When the final straw is a gas hose



All morning I found myself humming the song “Just put one foot in front of the other” from the cartoon Rudolph the Red Nosed Reindeer.  Over and over again I hummed and sang the few lines I remember from the song.  “You put one foot in front of the other and soon you’ll be walking out the door.”  It became a mantra as I tried to motivate myself to leave the house on another dreary, gray day.  I was feeling pleased with myself when I actually did it and walked out the door.

As I let my mind wander with what was truthfully realistic for me to accomplish today I decided to stop for caffeine and gas, caffeine being the more prominent thought in my head.  I left the gas pumping while I went into the gas station to get some tea and a couple of scratch off tickets.  Back in my truck, I was pleasantly surprised when I scratched off one of the tickets and found I had won $3. Every little bit makes me smile.  I  started the truck and pulled away.

Immediately I heard a loud thunk; thought what was that and my brain started working again.  At the same time I was stopping and other customers were pointing to me truck, I realized I had driven off with the hose still attached to my truck.  Aw shit!  I drove back to the pump and got out to see the hose just dangling from my truck.  Somehow I managed to not break and sit down sobbing right there.  I removed the hose, placed it next to gas pump and went inside.  I almost collapsed onto the counter as I asked what I would owe or what paperwork I needed to fill or what I needed to do.

I came very, very close to babbling my whole story to the ladies behind the counter.  The story of Russell, Walter, struggling with the holidays, missing the sun, longing for Costa Rica which I’ve never been to but dream of living in daily; the whole, long, sordid detail almost came tumbling out of me in great, heaving sobs.  Somehow I kept it together and said none of the things pushing to break free from inside of me.  I focused on the hose and what I needed to do in the moment alone.

I walked out with the manager who was very quiet.  When we got out to the truck and I was apologizing profusely, I asked her what I needed to do – paperwork, payment, anything?   She said usually she should have someone fill out paperwork but she wasn’t going to worry about it today.  She told me most folks just drive off and that the hoses have quick releases on them.  I thanked her and got into my truck.

It was in there that I collapsed.  That hose was simply the final straw of the morning.  All of it came flooding over me like a giant wave.  The tears just poured from me as sobs came flooding out of me.  I just sat there for awhile allowing it all to be released and felt and honored.  Then I took a big, deep breath, wiped my eyes, decided that I would still go to work and not just go home and hide, and I drove towards the farm.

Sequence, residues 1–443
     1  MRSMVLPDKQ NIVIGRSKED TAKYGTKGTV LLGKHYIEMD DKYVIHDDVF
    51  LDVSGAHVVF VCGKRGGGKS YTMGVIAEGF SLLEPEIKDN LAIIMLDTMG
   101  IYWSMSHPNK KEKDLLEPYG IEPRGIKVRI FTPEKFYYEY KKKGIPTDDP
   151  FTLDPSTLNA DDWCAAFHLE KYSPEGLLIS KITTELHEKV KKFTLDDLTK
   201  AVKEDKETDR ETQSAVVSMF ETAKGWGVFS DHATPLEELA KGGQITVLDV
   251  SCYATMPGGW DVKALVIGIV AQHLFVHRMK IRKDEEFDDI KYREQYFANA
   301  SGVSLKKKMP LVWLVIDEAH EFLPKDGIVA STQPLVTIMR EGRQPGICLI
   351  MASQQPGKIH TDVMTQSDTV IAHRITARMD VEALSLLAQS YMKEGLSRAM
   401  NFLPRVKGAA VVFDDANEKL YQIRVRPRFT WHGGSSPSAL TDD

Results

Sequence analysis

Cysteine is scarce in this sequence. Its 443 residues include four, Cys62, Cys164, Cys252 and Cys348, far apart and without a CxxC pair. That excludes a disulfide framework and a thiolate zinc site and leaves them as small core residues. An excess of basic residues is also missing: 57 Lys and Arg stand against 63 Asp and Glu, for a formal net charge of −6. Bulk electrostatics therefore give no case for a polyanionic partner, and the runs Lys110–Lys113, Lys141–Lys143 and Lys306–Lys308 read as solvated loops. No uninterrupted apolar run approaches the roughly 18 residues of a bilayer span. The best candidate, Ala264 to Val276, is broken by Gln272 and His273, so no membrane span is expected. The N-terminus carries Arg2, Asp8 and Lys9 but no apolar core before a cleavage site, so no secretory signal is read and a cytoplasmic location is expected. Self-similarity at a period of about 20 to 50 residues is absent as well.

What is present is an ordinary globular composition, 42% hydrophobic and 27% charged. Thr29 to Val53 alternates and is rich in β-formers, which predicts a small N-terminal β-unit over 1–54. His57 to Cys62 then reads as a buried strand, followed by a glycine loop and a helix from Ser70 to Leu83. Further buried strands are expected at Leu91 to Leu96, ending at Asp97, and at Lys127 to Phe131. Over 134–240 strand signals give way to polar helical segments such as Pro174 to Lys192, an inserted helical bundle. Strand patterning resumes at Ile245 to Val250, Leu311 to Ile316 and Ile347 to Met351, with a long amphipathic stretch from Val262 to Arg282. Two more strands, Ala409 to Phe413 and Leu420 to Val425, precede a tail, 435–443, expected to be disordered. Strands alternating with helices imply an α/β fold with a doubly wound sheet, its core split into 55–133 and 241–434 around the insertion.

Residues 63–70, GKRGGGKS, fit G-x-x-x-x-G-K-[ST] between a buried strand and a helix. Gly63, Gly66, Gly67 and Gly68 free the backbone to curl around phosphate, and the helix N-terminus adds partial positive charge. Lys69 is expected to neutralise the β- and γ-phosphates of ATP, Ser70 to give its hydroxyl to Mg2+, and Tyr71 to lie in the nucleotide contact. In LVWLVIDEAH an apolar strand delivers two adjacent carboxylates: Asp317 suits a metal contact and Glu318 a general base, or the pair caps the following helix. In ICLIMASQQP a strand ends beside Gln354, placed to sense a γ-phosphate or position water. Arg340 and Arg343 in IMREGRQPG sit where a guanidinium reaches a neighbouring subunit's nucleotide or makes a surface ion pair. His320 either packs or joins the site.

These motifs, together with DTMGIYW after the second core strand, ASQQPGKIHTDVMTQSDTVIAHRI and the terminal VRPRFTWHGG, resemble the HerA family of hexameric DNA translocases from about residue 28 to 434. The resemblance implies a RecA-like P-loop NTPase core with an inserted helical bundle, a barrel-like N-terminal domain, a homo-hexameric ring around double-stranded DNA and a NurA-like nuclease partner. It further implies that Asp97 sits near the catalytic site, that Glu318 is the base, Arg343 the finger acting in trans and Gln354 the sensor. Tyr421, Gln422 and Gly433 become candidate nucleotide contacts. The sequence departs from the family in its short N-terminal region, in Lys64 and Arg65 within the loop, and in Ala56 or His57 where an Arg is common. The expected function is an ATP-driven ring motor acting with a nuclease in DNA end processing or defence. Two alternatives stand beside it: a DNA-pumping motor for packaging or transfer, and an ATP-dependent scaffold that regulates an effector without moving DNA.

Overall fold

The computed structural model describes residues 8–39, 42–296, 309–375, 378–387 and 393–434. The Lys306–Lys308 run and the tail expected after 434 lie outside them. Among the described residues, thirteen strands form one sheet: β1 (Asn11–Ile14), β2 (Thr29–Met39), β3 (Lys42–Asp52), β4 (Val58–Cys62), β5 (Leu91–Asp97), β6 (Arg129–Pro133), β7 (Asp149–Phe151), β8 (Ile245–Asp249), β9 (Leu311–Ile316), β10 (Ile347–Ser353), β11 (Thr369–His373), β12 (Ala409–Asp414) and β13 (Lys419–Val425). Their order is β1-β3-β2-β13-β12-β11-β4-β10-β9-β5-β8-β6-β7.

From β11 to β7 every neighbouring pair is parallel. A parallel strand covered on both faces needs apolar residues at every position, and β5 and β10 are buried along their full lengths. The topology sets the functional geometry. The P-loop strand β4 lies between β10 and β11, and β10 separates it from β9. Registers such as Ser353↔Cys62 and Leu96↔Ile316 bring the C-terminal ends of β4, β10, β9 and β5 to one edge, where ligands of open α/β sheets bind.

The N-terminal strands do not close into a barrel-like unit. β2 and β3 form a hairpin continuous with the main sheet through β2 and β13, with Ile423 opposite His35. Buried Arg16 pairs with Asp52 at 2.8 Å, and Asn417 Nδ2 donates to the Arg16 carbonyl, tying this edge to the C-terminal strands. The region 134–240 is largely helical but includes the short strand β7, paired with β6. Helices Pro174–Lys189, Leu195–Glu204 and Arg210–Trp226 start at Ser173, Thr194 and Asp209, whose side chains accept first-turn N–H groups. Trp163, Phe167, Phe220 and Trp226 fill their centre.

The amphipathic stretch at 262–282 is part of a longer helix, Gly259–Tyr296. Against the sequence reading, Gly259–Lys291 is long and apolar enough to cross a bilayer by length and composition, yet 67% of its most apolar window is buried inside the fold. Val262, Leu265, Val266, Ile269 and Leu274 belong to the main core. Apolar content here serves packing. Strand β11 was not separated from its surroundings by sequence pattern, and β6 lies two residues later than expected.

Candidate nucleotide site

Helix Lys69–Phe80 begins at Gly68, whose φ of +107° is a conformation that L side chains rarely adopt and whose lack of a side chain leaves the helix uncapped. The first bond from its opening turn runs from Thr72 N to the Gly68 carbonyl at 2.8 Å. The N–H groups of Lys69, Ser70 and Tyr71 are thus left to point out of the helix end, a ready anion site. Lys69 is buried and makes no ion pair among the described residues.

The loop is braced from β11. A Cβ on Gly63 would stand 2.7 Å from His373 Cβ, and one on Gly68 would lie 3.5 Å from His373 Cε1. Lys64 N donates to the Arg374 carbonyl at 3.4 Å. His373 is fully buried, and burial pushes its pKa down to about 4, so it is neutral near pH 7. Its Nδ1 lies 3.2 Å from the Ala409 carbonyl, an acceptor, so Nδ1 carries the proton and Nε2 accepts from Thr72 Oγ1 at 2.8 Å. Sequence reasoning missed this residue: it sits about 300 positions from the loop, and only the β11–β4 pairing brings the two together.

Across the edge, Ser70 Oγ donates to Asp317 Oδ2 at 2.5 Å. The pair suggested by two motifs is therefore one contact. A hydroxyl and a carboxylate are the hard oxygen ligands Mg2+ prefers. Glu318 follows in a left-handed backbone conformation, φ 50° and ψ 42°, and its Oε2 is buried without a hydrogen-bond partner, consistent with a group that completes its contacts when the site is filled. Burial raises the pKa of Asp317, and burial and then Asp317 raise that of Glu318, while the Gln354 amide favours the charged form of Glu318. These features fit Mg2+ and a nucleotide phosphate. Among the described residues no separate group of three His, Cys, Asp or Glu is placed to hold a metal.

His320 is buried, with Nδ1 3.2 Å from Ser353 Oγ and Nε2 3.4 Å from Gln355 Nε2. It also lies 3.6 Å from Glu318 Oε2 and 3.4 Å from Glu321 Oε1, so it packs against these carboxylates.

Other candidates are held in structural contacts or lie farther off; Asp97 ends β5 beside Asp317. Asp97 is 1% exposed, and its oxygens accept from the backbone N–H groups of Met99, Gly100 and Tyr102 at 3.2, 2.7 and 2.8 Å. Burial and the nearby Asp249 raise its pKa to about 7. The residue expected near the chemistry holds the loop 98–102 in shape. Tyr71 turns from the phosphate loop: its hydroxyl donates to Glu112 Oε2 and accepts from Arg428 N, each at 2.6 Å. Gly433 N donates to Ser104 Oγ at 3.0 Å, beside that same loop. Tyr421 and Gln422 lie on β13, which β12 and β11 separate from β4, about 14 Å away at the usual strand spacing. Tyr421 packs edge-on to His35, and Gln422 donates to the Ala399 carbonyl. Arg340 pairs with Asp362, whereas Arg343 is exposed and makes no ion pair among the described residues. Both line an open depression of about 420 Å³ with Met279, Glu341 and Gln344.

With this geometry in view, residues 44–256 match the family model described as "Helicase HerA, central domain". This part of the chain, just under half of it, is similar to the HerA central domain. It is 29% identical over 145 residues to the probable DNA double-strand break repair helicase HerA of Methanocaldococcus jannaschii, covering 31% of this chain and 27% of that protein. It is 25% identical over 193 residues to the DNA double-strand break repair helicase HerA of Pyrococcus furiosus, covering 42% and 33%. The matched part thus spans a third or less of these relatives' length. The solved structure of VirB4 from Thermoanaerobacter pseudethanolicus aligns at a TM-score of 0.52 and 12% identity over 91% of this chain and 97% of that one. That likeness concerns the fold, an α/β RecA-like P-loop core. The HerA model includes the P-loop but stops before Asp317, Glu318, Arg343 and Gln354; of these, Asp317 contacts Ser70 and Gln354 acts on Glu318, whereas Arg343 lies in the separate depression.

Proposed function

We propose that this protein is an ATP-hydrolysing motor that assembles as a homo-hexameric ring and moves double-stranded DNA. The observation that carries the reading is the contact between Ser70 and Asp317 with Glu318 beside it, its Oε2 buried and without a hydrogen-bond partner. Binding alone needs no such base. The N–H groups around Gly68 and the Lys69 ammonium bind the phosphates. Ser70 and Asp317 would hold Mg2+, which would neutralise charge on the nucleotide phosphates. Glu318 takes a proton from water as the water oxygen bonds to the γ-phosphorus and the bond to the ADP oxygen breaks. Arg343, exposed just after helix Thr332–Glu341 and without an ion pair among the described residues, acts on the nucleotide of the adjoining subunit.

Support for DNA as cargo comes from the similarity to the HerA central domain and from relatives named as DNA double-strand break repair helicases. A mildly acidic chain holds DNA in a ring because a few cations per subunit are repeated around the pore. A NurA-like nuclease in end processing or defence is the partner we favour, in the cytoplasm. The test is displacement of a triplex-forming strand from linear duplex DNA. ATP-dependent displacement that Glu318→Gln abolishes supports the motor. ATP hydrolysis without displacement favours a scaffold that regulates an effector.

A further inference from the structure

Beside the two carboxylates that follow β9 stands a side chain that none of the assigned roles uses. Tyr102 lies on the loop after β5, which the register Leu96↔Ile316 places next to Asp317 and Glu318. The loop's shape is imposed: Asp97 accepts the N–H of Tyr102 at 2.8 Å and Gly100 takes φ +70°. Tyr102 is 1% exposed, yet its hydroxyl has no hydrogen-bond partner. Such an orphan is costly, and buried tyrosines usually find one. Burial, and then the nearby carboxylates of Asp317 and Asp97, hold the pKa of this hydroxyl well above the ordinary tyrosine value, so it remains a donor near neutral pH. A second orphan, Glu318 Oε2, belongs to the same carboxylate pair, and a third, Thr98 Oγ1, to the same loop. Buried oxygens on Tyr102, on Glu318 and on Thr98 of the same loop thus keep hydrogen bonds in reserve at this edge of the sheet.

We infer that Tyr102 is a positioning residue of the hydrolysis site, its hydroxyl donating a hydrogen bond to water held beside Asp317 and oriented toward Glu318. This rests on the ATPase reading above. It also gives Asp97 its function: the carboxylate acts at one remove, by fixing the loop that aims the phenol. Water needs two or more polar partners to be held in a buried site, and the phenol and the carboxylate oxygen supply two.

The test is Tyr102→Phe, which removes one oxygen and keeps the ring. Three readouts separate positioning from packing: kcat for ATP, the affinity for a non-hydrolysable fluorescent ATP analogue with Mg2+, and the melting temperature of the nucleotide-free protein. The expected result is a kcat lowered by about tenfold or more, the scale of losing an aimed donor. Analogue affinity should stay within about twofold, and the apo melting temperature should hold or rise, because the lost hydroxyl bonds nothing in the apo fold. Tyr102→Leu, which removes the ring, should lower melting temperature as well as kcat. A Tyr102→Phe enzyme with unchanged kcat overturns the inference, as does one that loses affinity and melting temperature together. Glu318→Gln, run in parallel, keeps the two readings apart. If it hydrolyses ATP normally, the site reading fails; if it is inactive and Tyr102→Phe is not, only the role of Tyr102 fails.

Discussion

I am trying.  I really am trying to keep moving forward with my healing.  I do my best to focus upon the positive things that happen each day.  I do my best to focus on the love in my life and the ways in which I still feel Russell’s presence.  The little milestones or bits of sunshine that happen each day do keep me able to at least tread water in the rough sea of grieving.  But the holiday season that started with Thanksgiving and our anniversary is weighing upon me more than I had anticipated.  When just getting out the door to go to a job I love is hard, the time involved planning for events and shopping for dozens of folks seems monumental.  The lack of consistent sunshine, always a winter challenge for me, seems like a voice saying “Just stay home where it is warm and safe and you can hide away from the world. The horses are fine. The farm is fine. You don’t need to go out. Stay here.”

But here I sit today, in my office at Avalon still humming to myself “Just put one foot in front of the other” over and over and over again.  That gas hose was a gift that opened up the flood gates to my tears which needed to be released. And it opened me up to write again which has been something that has felt very far away for a few weeks and I’ve missed it.   I’m planning to paint a new room addition today with bright colors.  I’m planning to snuggle with my Willow puppy. I’m planning to have conversations about new possibilities for learning and growing with the horses.  I’m planning to find listen closely to my heart and what it most needs right now, in this time, this moment.  I’m planning to allow myself to simply be in the moments of the day and allow myself to float upon the waves of my life.  All because of a gas hose.

2 thoughts on “When the final straw is a gas hose

  • Your writing is helping me cope also. My husband passed just a few months ago after a long battle with cancer. The mail usually gets me even the bills. I am reading profusely and journaling everyday. Also spend a lot of time with the children and grandchildren as time allows. Keep writing for us all out here.

    • Brenda,

      I’m just browsing around on my site which haven’t been to for awhile. Wondering how you are doing? you must be right around the 6 month point which I know was very intense for me. I hope healing is continuing for you.


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